Tuesday, February 23, 2016

A Republican 'Firewall" against Trump

We are beginning to see a plausible Republican “firewall” against Donald Trump. You’d expect to read about it in the New York Times, but the paper is too busy helping the Clinton campaign (Bernie can’t win, Bernie faces cool reception from Blacks, etc) to strike out editorially against a clear and present danger to the Republic: Donald Trump.

No, I first ran across the vision of a blueprint for blocking Trump in The Washington Post. In early December the Post Editorial board wrote:

“As Mr. Trump’s fellow Republican candidates now acknowledge, there is a real-world cost to a campaign that gains traction by spewing hatred, bigotry and rage. Criticizing Mr. Trump is no longer sufficient. It is time to say clearly he is anathema to the Republican Party, and to the nation.

The full editorial is HERE.


Then, yesterday (Feb. 21) Danielle Allen, a Post contributing columnist, gets down to cases urging those Republican candidates who have dropped out, or should drop out, to, as a “great act of public service” revoke their pledge to support whomever the Republican party nominates.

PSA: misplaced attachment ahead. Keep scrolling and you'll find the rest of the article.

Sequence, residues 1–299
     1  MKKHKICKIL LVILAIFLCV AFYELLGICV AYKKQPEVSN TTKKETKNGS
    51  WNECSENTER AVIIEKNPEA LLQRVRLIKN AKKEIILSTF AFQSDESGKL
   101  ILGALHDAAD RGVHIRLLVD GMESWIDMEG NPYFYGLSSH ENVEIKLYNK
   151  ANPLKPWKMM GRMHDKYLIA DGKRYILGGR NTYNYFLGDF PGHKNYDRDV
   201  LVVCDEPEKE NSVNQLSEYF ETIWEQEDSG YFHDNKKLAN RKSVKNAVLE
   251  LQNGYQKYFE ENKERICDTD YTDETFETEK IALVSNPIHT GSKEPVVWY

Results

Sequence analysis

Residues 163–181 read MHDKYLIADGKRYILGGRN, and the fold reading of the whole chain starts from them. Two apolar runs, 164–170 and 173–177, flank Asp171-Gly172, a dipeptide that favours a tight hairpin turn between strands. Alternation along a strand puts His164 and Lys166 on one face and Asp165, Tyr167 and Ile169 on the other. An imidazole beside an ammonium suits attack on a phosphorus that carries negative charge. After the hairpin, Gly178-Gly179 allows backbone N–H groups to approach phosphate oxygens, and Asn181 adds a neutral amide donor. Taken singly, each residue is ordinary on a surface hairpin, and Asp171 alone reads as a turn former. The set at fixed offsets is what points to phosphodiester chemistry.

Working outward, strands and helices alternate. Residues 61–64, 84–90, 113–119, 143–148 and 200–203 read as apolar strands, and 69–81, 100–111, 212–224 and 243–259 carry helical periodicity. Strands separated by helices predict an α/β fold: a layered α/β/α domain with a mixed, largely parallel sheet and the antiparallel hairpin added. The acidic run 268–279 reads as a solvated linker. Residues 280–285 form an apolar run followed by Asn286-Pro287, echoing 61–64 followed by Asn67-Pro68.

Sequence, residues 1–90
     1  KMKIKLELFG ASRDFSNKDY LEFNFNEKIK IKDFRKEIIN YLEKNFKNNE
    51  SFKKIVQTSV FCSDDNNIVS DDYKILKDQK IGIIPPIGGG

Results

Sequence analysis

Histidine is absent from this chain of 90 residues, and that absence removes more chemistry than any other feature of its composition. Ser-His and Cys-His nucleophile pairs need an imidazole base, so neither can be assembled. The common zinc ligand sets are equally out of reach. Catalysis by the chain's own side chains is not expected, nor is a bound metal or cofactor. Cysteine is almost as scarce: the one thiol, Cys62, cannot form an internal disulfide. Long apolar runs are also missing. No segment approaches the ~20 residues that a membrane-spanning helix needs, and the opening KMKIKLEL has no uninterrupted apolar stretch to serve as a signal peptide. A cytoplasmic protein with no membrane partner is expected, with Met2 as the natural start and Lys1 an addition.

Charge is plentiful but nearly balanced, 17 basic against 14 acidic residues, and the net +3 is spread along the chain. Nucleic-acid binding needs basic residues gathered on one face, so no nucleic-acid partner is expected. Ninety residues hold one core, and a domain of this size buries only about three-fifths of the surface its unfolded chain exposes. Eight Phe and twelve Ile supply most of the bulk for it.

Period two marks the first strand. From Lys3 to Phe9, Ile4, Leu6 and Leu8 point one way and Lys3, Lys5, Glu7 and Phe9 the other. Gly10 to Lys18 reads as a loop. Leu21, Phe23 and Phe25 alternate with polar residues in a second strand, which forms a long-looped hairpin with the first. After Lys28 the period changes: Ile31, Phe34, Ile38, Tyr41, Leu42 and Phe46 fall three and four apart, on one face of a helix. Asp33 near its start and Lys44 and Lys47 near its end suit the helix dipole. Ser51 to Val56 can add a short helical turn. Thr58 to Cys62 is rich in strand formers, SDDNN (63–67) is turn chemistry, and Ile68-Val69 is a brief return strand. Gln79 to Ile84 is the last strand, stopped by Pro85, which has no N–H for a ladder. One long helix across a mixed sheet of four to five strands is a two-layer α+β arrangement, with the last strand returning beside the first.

“Be bold,” she writes, “stand up and shout that you will not support Trump if he is your party’s nominee. Do it together. Hold one big mother of a news conference.”

She calls for the also-rans to endorse Marco Rubio, not because she does (she plans to vote for Hillary Clinton), but because Rubio is NOT Trump, whom she calls an opportunistic demagogue. Trump’s tactic of exploiting a divided nation are akin to Hitler’s, she says, citing Hannah Arendt’s book “Men in Dark Times.”

In closing, Allen calls on Sen. Ted Cruz to withdraw as well and to support Rubio. Addressing Cruz directly, she writes,  “You are drawing too close to Trump’s politics. You too should change course."

She points the finger at the non-Trump Republican candidates, saying, “You are the ones on whom this burden falls. No one else can do it.”

Her column can be read HERE:


The dilemma for anyone-but-Trump Republicans is clear. Should the Republican convention reject the billionaire bully, Trump no doubt would launch an independent campaign that would ensure victory for whomever the Democrats nominate. On the other hand, with Trump carrying the Republican banner into November, there’s no certainty either Clinton or Sanders would win (although the polls, for what they’re worth in this wacko year, suggest that Sanders has a better shot.)

So the Republicans have a choice: Do they want a wing-nut, unstable, racist Republican demagogue in the White House or one of those shifty, lefty Democrats?

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